They don’t call it Sin City for nothing and on cue, as I arrived in Las Vegas, President Trump’s motorcade swept past, headed to a last-minute Mid-Term rally. And to most people, Trump perfectly sums up Vegas. He’s loud and brash; a bit seedy with the women; a high roller who takes enormous gambles. He’s also as orange as the surrounding Mojave Desert and, most importantly, he’s full of contradictions. And so is Las Vegas.
The desert city of Las Vegas rises from the dust, a concrete and glass tangle of skyscraping hotels, 24-hour casinos, fast food and all-day pool parties. Six lane motorways weave between them, ferrying a constant flow of revellers from one form of entertainment to another. This is an entire city designed to prolong enjoyment, to titalate and entice. And who hasn’t wanted to fall under its spell at some point? And so I pilgrimaged some 5,000 miles to answer the call of what’s surely America’s craziest city. Well, after Salt Lake, or wherever it is all the Mormons are.
Of course, we like to make sure that we stir in just enough of our own crazy too: the Brits that head to Vegas are some of the nuttiest I’ve flown with. The 11 hour Virgin flight from Gatwick is the only one I’ve ever flown where the Captian’s had to come on the tannoy to explain that they’ve run out of alcohol as the passengers had drunk the 747 dry. While the carnival spirit ended abruptly at customs and the two hour wait to filter through passport control, it set the scene for what might be a raucous ‘what happens in Vegas’-style few days.
Because it turns out there’s another way to ‘do’ Vegas. It’s not necessarily the Vegas that my fellow countrymen were there to experience, but one that isn’t spent losing tens of thousands to Chinese card sharps in an artificially oxygenated room, or tucking dollar bills into Tiffany or Crystal’s underwear at one of the city’s plethora of adult entertainment establishments (a dead (yes, dead) Vegas brothel owner won election to the Nevada state legislature days after I left). Because Las Vegas has a different side. It’s got culture, fine dining, refinement; and most importantly it’s opening up to a different demographic. People who don’t wear Ben Sherman, who don’t down pints of Stella for breakfast and people who aren’t lobotomised pleasure-Zombies from Wigan. People like me.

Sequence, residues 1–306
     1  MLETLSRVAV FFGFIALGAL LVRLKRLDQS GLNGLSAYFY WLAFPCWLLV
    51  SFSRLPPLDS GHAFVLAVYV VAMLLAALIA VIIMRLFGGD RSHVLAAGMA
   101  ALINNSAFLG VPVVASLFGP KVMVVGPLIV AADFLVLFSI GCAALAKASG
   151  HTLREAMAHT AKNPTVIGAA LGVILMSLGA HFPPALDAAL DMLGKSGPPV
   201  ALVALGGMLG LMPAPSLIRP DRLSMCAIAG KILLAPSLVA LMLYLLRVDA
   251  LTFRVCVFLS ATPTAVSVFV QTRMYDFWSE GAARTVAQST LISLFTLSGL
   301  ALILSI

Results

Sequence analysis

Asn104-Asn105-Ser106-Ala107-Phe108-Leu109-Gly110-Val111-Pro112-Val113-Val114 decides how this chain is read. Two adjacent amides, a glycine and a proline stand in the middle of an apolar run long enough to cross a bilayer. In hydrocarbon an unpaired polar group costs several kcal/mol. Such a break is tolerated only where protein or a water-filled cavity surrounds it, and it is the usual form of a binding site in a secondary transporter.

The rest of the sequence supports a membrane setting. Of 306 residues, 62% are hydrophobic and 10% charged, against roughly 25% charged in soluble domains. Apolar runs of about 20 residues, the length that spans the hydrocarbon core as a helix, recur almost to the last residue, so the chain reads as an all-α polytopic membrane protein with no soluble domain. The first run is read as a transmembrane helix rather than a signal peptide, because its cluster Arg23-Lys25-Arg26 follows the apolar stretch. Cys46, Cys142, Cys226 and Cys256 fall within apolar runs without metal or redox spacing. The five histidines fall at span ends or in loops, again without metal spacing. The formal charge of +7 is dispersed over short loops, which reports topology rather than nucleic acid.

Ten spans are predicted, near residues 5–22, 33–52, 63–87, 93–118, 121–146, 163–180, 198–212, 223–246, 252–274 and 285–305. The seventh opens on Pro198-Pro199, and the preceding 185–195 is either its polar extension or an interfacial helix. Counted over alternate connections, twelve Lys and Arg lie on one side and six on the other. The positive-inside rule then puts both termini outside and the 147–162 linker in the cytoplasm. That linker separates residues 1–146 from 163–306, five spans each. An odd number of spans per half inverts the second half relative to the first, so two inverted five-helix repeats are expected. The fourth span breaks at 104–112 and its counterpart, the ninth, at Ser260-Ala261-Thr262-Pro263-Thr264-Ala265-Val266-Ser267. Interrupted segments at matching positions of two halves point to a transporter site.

I may have been staying in a casino (hotels without casinos are surely the unicorns of Las Vegas) but I has culture on my mind, I was heading to a gig. Life Is Beautiful is an annual music festival held in downtown Vegas, away from ‘the strip’ that we’re used to seeing in endless films and adverts (think mini Eiffel Towers and ferris wheels). Downtown, the buildings are low-rise and the vibe is decidedly cooler. There’s almost a college campus feel, centring around East Fremont, which bills itself as a ‘cultural hub’. And for three days a year, 18 blocks are cordoned off for Life Is Beautiful.
What’s noteworthy, other than the line-up, is the audience. This is not a Vegassy crowd. I watched Florence + The Machine next to a girl eating a stuffed pepper and drinking Prosecco (albeit out of a plastic pint glass). If the likes of Florence, Arcade Fire, Major Lazer, Catfish and The Bottlemen and so on didn’t float your boat, there was live comedy, artisanal food producers, street art and art installations.
I’m not going to go all NME on you and attempt to review the live music. Suffice it to say it was all jolly good, you should go and you should pay extra for the VIP tickets, if you can afford it, it’ll make your life a whole bunch simpler. But what really struck me is that this place was crammed with an America a million miles from the one that Donald Trump was reaching out to in a cross-town conference centre, or the one epitomised by the bright lights of the strip. This was far more liberal place (except for the policeman who nearly arrested me for ‘jay walking’ (and arguing back)), a Vegas that accepted and embraced differences in race, sexuality or politics. And I’ll raise a stuffed pepper to that.
But even in uptown Vegas-Vegas, there was an undercurrent of something different, if you wanted to look for it. The food scene is seriously up-and-coming. Yes, you can dine in luxury, I particularly enjoyed Scotch 80 Prime, a steak restaurant that’s on-par with anything that a half-decent European city can throw at it (and conveniently also in my hotel, the Palms Casino Resort). But there’s also the brand new food court, Block 16, at The Cosmopolitan. Run by a British Head Chef it rocks a sort of Brixton or Tooting Market feel, but done with American style (so no phone unlocking shops, nail bars or West African fashion stores). Breakfast at Primrose at Park MGM is also genuinely worth checking out.
I feel that you could bring your most gluten intolerant, tea-total hipster vegan friend along to Las Vegas and easily find somewhere for dinner. And that sort of goes for the rest of the Vegas experience, they’d fall in love with it too. Because it turns out that Las Vegas isn’t just about over-the-top hotels, it’s not about Trump Tower or ostentatious displays of wealth and astronomic gambling losses, it’s opened the door to being something else, something more exciting.
As I packed my bags to leave, Michelle Obama was making her way to the same stadium that Trump had visited. I suspect that her vision of America was not very ‘Vegas’ in the over-the-top sense we’re used to, but in many ways perhaps nor is Vegas any more. It was telling that the election, days later, saw Nevada swing decidedly away from a Trumpian outlook. But from my time in Las Vegas, I’d say that it already has. I just wish all the hungover Brits on the plane back had realised too. Still, it meant there was plenty of booze to go round this time, perfect to toast a new Vegas with.